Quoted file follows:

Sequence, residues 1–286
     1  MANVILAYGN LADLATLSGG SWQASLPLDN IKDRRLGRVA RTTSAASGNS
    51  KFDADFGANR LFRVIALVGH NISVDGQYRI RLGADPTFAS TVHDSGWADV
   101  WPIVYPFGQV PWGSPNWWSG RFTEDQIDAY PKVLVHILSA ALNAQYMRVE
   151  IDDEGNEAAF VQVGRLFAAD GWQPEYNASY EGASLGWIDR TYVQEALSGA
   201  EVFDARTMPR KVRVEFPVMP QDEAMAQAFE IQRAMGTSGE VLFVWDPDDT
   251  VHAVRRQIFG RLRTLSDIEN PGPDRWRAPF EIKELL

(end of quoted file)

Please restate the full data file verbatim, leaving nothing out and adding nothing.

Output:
Sequence, residues 1–286
     1  MANVILAYGN LADLATLSGG SWQASLPLDN IKDRRLGRVA RTTSAASGNS
    51  KFDADFGANR LFRVIALVGH NISVDGQYRI RLGADPTFAS TVHDSGWADV
   101  WPIVYPFGQV PWGSPNWWSG RFTEDQIDAY PKVLVHILSA ALNAQYMRVE
   151  IDDEGNEAAF VQVGRLFAAD GWQPEYNASY EGASLGWIDR TYVQEALSGA
   201  EVFDARTMPR KVRVEFPVMP QDEAMAQAFE IQRAMGTSGE VLFVWDPDDT
   251  VHAVRRQIFG RLRTLSDIEN PGPDRWRAPF EIKELL